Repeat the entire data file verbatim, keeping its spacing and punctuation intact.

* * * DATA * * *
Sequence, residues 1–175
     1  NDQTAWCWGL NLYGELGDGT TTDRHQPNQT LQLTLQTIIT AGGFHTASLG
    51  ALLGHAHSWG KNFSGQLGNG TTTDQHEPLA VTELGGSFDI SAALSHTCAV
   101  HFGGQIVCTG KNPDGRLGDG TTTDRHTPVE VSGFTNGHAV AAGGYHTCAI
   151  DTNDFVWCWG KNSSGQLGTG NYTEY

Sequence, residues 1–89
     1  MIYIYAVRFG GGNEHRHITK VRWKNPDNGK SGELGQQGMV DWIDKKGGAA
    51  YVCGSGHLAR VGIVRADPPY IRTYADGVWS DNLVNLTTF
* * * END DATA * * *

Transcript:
Sequence, residues 1–175
     1  NDQTAWCWGL NLYGELGDGT TTDRHQPNQT LQLTLQTIIT AGGFHTASLG
    51  ALLGHAHSWG KNFSGQLGNG TTTDQHEPLA VTELGGSFDI SAALSHTCAV
   101  HFGGQIVCTG KNPDGRLGDG TTTDRHTPVE VSGFTNGHAV AAGGYHTCAI
   151  DTNDFVWCWG KNSSGQLGTG NYTEY

Sequence, residues 1–89
     1  MIYIYAVRFG GGNEHRHITK VRWKNPDNGK SGELGQQGMV DWIDKKGGAA
    51  YVCGSGHLAR VGIVRADPPY IRTYADGVWS DNLVNLTTF